“You are absolutely right,” he said, “You’re absolutely right.”

Just a short time later, when radiation was over, we talked a bit about how older people are viewed in different cultures, and how in this culture they’re especially looked down on, some of them completely forgotten. It’s sad, really.

I have a friend who’s younger than I am, a very beautiful friend who has, since she was in her early 40’s, gotten Botox injections. Now, it’s not for me to say what other people should or shouldn’t do, but to me, it’s a symptom of how much our society values youth and youthful looks. This same friend will ask at birthdays or even at other times, “How did I get so old? How did we get so old?,” never mind that I don’t necessarily think of myself as all that OLD yet. “How?,” I’ll answer. “Simple. We haven’t died yet.” “I don’t want to get OLD!,” she may respond. Here comes Judy the Buzz Kill: “Oh, I do. It’s my greatest wish.” They’ll all understand what I mean and yeah, I can stop a conversation in its tracks these days.

Or, worse yet, I get the response, “But I thought things were going well,” meaning that if things are going well, I shouldn’t be thinking about such m.o.r.b.i.d. things like death now, should I? Is death really all that morbid, after all? Or is it just a part and parcel of life, something that perhaps we would all do better to be able to talk about in some fashion?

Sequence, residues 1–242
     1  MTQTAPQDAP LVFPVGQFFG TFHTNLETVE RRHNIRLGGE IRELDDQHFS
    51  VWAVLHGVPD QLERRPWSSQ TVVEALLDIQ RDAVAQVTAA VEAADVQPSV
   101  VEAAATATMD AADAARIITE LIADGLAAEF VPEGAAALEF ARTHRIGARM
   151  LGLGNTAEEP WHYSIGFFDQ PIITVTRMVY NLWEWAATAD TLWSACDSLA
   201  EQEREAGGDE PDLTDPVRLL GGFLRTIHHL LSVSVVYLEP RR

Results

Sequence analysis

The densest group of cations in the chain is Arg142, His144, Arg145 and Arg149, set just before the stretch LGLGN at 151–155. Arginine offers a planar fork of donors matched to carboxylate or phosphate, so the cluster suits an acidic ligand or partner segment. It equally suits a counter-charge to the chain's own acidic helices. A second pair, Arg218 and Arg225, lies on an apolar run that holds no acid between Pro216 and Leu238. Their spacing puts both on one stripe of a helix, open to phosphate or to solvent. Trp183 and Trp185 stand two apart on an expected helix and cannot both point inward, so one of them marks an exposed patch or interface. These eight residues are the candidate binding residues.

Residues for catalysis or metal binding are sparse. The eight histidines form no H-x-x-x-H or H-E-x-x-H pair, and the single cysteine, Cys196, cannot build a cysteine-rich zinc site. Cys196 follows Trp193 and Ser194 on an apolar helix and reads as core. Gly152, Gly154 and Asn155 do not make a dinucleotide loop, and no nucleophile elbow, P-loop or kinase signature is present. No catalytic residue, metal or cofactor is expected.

*sigh*, as Corrigan said, I feel very different from everyone these days. It makes for a sometimes lonely existence, but a very honest and authentic existence at any rate.

I do notice words so much more these days, though. Those words that are “just” phrases, things that “don’t mean anything,” really. Things that I said before all the time.

“I’m going to kill ______”
“Just shoot me if ______”
“I’m just going to jump off the building . . . . ”
“OMG, I was so sick I thought I was going to DIE

Are they such a big deal? Maybe. Maybe not. Maybe just for some of us, they are. I just know that I notice them now. Trust me, I’m not a Party Pooper all the time. Many times I let things go. People don’t know what they say. And they don’t understand what I’ve been through because I keep much of it to myself.

Or maybe they’re both. Maybe they’re loaded words that are a big deal and maybe I need to chill out about them too.

I can try.

But I still think that

getting old

is a great privilege.

Remember that.